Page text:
Toyota Camry Ball Joints

The Toyota Camry has been manufactured since 1982 and the world has seen many Camry models through the years, like the XLE and Hybrid. Your Camrys ball joints help your vehicle to steer and drive properly. Depending on your Toyota Camrys suspension system, there are a variety of Toyota part options available.

What are Toyota Camry ball joints?

These types of car components of round bearings are used to connect the control arms in your Camry to the steering knuckles. They have a ball-and-socket design and are made of an enclosed socket and bearing stud, typically made of steel. This parts purpose is to allow your Toyota Camry a limited range of smooth movement in all directions. It allows the Toyotas front and rear suspension to be pivoted when the tires are turned, and so that they can react to road changes.

When you turn your Toyota Camrys wheel, the vehicles steering system turns spindles. Those spindles, which are attached to your Toyotas brakes and wheels, can pivot and turn because of the joints. They allow your tires to turn and support your Camrys weight.

How do you know when ball joints need replaced?

While these Toyota parts do not have a recommended time for replacement, there are signs you can look out for if your Camrys ball joints need to be replaced. These symptoms can include uneven tire wear, knocking noise when driving, or pulling to one side or the other while driving.

There are also Camry joint parts designed for your Toyota Camry, XLE, or Hybrid that feature grease fittings that are specially created to allow you to see the level of wear on the joints. If your Toyota does not have one of these types, you can also check its wear by supporting the weight of the Toyota Camry sedan and attaching a dial indicator to the control arm.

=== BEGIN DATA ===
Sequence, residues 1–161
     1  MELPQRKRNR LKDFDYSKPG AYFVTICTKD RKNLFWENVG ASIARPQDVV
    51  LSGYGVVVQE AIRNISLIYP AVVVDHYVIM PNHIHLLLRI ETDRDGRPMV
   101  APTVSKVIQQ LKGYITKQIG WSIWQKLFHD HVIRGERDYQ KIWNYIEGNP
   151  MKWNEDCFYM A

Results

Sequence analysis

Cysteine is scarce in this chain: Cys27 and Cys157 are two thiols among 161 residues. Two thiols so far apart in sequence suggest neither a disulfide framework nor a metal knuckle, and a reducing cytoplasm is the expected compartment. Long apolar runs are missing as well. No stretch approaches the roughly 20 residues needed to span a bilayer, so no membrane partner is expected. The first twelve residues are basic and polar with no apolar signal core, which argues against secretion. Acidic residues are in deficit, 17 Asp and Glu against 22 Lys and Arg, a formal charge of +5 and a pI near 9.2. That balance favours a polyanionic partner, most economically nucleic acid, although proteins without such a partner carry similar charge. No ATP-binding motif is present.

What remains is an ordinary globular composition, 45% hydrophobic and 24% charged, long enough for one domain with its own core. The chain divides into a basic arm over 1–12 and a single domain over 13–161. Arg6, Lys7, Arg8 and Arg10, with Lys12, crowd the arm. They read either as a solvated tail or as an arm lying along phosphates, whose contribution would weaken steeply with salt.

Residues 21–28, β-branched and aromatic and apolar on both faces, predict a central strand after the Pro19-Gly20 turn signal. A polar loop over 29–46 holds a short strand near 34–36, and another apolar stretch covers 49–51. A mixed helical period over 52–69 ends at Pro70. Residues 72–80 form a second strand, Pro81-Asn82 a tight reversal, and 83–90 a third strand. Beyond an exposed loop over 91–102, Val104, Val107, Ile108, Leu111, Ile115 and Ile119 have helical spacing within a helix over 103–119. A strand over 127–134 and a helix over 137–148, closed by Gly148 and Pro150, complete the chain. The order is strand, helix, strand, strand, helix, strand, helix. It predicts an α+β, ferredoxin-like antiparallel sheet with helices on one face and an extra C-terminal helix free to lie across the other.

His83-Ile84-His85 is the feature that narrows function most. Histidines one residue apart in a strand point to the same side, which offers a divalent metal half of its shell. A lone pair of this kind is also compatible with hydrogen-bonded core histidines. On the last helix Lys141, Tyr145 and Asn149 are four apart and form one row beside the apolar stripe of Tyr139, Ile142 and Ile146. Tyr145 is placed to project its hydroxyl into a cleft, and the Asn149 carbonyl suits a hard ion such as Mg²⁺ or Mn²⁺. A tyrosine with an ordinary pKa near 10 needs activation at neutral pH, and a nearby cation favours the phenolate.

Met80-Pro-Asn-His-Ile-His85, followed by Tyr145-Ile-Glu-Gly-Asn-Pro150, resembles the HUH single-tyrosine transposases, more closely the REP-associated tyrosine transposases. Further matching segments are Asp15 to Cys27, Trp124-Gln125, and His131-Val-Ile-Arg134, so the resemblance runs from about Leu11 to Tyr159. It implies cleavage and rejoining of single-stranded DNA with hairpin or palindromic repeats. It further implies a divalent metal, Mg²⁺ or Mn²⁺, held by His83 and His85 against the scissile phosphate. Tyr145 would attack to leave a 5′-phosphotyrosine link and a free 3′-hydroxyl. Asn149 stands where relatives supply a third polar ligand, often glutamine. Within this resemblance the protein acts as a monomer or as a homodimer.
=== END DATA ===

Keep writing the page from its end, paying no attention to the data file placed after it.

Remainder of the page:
What types can you find for the Toyota Camry?

The type of ball joint you need depends on the type of suspension your Toyota sedan has. If your Camry has a Short Long Arm suspension you may need two loaded joints, or one loaded and one follower joint. If your Toyota has a MacPherson suspension system you may only need a Camry follower joint. There are some front-wheel drive Toyota vehicles with independent rear-suspensions that may also use rear-ball joints. There are two main types of these joints, which can be classified as the following:

  • Loaded - These types carry or support weight of the vehicle and follower joints. They connect lower-control arms and springs to the upper arm in Short Long Arm suspensions.
  • Follower - These types do not carry any weight. They are used to connect the lower-control arm, strut, and steering-knuckle. An upper mount typically supports the weight of the car, while the follower joints rotate the strut and knuckles while you drive.